In such an expansive industry as that of logistics, technological innovations are ever-present and (no pun intended) drives competition constantly to pour more and more funding into research to gain an advantage over their rivals. For example Amazon over the last 5 years have filed approximately 300 patents relating to this field, giving them the undisputed rights to the technology that they have developed or ideas they have conceived of. Whilst many of these ideas may be somewhat fanciful and not really practical at present, should Amazon ever want to revisit such an approach down the line, they can do so secure in the knowledge that none of their rivals have stolen a march on them and improved upon their pre-existing knowledge.

 

Here in the UK, any patent has to be applied for at the Intellectual Property Office and within a year from the day you file for one, you have to include a description of your invention, the protection you want, and a request for a search of existing patents to ensure that you are not accidentally infringing on an existing patent. After 18 months, the patent if proven to be unique is made public and certified and from this time on can be enforced against those in violation of it.

 

Should a patent be violated however, legal action is the typical recourse that the patent owner can take against the guilty party. This can take a great deal of time and money to prove, especially if the transgressor is based abroad and your patent has not been translated into their native language. It is possible to have this done, but having such copies produced once again takes time and money to produce. Whilst patents filed in the UK only apply nationally however, subsequent applications to the European Patent Convention or the Patent Cooperation Treaty can enable protection from numerous countries all at once.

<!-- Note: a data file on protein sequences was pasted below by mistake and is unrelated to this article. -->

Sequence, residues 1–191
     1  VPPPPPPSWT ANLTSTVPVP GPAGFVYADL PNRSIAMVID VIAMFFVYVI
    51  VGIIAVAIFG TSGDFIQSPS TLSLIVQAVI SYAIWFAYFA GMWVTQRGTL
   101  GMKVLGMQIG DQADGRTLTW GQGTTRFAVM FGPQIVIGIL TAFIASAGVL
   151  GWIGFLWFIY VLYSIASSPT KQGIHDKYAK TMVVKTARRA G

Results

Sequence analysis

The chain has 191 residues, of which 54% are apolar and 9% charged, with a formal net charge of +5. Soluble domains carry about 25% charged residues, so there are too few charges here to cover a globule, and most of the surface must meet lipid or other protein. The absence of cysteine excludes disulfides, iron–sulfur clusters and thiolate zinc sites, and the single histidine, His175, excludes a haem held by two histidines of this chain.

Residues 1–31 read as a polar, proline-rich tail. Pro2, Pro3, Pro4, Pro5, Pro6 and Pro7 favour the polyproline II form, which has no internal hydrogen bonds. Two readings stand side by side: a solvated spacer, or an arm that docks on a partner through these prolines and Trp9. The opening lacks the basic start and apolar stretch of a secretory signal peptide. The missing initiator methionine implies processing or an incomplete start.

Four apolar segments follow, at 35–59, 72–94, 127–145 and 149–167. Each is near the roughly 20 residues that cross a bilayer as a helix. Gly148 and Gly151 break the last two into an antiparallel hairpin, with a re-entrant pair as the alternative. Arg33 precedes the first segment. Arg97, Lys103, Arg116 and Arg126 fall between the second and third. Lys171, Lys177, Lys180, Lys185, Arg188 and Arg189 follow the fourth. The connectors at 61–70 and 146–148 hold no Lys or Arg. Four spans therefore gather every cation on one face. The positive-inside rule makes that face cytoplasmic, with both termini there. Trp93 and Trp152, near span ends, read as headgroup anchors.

It's also highly recommended that for anyone considering taking out a patent, to seek legal aid in doing so as such documents are highly complex-as are the aforementioned procedures for enforcing them. Making just a single error can sabotage your application process, so it is certainly an investment worth making. Whilst there are numerous guides to what a patent is online, seeking specialist counsel is the recommended approach.

 

Ultimately if you believe that your firm's made a discovery that you feel gives you a significant edge over your competitors, then a patent is a must-have regardless of the financial expenditure or time constraints. Inevitably if your innovation yields such success that it attracts significant attention, you don't want anyone else to subsequently benefit from it. Before going public with something that you want to show off, having covered all your legal bases is the wisest course of action and protects your hopefully soon to improve market share from being compromised.